Enrollment Growth, Accreditation and Student Composition

In 1963, the Earlham School of Religion produced its first graduating class, consisting of three M.A. students: Lawrence Barker, Paul Van Ness, and Anne (Webster) Weaver.  The following year, ESR also produced its first B.D. graduate, John Keith Miller.  By 1964, student enrollment at ESR had increased to 24 Full Time Equivalents (FTEs) comprised of 31 students.  To accommodate this growth in enrollment, ESR expanded into Barclay House in January, 1965.  That same year, the School submitted its initial application for Associate Membership status with ATS.

Gaining Associate Membership status required the School have at least 25 FTEs of B.D. students and six teaching faculty, while full accreditation required it to have at least seven full-time faculty.  ESR's application for Associate Membership was finally accepted in late 1968, and announced in early 1969.  In 1973, ATS granted ESR provisional accreditation, the School having attained an enrollment of 45 FTEs comprised of 56 students.  That same year, the School also managed to increase its faculty roster by two, for a total of seven full-time faculty, thanks to the generosity of a long-time Board of Advisor member; Willard Ware and his wife, Edith.  With this growth in student enrollment and the faculty roster, along with a corresponding expansion of library resources, ESR finally received full accreditation from ATS in 1975.

Since receiving full accreditation, ESR's enrollment has gone through several phases of development, as illustrated by the accompanying chart.  Enrollment continued to expand during the 1970s, reaching an all time peak in terms of FTEs in the 1980-81 school year, the year after Wil Cooper's retirement as Dean.  In that year, ESR welcomed a total of 82 students consisting of 65 FTEs.  Two years later, ESR conferred degrees on its single largest class, with three graduates receiving M.A.s, and the remaining 22 receiving an M.Min. or M.Div.  Since that time, ESR's enrollment has fluctuated somewhat.  The number of student full-time equivalents slightly declined during the 1980s, and then remained steady in the 1990s, averaging 40 to 50 FTEs each year.  The student headcount, on the other hand, after experiencing similar declines after 1981, grew dramatically throughout the 1990s, reaching an all time high of 104 students in the 2002-03 school year.  These trends in FTE versus headcount point to the presence of an ever increasing number of occasional and part-time students.  At the same time, though, the number of graduates produced by the School has remained relatively stable, with an average of twelve graduate degrees awarded each year.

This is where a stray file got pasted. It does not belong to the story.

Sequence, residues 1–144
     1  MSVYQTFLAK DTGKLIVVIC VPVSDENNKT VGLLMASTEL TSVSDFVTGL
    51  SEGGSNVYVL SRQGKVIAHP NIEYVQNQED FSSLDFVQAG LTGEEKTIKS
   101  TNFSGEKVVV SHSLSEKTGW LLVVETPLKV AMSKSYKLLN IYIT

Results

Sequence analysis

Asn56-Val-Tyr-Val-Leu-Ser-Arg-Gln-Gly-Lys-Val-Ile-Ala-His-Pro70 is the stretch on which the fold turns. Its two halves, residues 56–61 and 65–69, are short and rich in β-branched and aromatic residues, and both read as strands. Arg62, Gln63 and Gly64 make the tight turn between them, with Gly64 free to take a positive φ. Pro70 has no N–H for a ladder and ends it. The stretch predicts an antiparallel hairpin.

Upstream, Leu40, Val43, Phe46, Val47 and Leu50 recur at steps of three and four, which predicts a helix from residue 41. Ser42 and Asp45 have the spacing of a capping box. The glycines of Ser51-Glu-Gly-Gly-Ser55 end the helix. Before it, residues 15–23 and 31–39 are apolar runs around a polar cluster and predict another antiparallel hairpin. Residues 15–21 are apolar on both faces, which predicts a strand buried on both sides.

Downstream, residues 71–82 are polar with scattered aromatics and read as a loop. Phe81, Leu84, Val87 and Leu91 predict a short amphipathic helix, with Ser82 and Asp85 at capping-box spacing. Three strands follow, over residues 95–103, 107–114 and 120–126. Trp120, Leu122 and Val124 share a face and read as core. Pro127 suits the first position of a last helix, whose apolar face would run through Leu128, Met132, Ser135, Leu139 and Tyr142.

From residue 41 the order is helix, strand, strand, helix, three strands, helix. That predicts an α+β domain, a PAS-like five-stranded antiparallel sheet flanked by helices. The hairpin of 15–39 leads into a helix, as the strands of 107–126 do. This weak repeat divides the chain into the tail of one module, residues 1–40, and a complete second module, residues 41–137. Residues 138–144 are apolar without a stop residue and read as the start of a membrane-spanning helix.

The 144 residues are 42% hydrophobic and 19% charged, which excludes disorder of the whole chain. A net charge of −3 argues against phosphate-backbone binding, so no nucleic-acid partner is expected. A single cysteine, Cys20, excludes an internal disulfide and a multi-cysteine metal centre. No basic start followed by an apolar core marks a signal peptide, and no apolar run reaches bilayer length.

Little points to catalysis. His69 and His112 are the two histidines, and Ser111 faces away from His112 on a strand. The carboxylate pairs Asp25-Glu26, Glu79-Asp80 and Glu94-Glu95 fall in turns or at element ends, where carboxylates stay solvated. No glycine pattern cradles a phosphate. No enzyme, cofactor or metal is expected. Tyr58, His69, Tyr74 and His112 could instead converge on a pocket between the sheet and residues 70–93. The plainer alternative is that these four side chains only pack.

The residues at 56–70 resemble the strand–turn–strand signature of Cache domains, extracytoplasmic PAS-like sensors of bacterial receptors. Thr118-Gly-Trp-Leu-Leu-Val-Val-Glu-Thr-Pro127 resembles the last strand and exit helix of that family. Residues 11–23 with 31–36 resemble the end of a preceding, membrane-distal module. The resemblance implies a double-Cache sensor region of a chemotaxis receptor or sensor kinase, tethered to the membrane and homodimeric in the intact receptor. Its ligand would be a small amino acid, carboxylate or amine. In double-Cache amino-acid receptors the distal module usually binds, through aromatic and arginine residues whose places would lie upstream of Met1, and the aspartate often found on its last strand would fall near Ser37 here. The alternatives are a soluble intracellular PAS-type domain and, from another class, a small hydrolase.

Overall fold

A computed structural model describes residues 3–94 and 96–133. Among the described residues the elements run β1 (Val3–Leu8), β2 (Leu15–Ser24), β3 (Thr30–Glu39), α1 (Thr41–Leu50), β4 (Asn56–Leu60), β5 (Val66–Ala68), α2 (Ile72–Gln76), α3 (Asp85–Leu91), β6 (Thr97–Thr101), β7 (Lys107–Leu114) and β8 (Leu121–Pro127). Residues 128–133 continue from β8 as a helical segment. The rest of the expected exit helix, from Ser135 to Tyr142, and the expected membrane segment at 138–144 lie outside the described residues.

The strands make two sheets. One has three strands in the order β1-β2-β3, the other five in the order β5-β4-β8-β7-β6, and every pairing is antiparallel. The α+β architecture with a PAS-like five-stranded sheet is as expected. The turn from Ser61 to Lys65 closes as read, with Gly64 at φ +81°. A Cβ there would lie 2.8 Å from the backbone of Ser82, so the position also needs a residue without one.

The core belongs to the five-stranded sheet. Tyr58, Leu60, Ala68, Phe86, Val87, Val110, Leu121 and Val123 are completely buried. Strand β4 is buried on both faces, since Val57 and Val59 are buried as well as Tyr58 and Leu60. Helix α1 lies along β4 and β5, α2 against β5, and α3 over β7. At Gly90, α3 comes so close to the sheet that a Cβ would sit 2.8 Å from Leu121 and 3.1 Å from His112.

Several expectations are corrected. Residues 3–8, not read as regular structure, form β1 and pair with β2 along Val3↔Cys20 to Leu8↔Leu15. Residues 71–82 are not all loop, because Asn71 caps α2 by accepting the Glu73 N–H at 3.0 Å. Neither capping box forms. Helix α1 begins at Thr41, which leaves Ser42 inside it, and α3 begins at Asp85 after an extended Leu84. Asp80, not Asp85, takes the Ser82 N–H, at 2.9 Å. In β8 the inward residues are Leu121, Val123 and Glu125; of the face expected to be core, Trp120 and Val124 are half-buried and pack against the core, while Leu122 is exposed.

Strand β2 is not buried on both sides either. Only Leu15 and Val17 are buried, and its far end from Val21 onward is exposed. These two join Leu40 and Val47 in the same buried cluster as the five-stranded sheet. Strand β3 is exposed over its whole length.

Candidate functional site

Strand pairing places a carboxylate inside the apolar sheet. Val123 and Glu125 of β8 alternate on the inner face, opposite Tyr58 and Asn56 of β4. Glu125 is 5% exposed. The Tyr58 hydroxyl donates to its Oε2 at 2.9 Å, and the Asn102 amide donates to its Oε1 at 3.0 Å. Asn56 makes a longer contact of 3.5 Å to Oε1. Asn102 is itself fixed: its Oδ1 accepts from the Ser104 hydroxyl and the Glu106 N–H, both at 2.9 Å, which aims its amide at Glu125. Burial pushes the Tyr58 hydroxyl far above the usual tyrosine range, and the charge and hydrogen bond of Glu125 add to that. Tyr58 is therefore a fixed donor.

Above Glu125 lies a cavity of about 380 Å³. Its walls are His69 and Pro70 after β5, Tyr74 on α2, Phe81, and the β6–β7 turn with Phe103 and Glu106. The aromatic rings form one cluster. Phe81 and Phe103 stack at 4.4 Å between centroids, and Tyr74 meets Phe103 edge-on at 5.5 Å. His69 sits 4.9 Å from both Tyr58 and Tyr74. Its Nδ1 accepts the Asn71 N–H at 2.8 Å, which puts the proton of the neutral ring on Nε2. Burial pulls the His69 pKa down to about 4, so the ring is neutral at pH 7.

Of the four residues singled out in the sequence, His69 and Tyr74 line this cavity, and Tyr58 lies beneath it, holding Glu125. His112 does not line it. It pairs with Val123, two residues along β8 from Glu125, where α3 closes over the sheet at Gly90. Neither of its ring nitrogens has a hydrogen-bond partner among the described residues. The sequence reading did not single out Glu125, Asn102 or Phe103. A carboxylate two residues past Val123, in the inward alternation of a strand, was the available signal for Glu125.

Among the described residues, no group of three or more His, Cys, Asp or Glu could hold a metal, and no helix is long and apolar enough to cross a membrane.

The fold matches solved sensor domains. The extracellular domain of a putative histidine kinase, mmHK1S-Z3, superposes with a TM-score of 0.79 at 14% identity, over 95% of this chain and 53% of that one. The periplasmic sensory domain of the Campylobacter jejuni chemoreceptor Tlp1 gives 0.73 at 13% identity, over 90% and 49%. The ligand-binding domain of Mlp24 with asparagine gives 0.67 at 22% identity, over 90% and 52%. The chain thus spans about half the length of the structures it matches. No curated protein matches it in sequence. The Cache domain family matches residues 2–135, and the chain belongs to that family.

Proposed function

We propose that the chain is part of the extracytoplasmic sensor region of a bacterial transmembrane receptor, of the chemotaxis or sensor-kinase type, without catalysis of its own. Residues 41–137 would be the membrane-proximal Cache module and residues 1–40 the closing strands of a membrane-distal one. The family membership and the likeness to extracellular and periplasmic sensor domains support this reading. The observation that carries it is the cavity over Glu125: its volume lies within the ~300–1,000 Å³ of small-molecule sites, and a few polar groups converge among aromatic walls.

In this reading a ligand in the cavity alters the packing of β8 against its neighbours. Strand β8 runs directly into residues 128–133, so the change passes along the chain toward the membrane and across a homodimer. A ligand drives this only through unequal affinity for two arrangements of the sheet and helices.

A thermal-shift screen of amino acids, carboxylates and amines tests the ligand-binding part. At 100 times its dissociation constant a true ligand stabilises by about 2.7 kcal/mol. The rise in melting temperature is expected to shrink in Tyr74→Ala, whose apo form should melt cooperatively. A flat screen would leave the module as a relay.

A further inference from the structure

Throughout ESR's forty-five year history, it has consistently maintained a high proportion of Quaker students relative to its overall student population.  Since 1975, more than half of ESR's student population has been Quaker, with the average proportion being roughly 60% Quaker to 40% non-Quaker during that time.  Those ESR students who identify themselves as Quaker have come from every branch of Friends, domestic and international, as illustrated in the accompanying chart.  The proportion of Quaker students coming from FUM, FGC, Conservative and Independent meetings is roughly equivalent to their total numbers.  Evangelical Friends, on the other hand, while they have always been a significant presence at ESR, have been proportionately under-represented.  Seven percent of ESR's Quaker students have come from an Evangelical background, while EFI Friends constitute 30% of the total American Quaker population.  ESR has been actively addressing the presence of Evangelical Friends at the School; an effort perhaps best reflected in its faculty composition.  Two of ESR's seven teaching faculty —David Johns and Phil Baisley —come from an evangelical background, as does its Associate Dean, Tim Seid.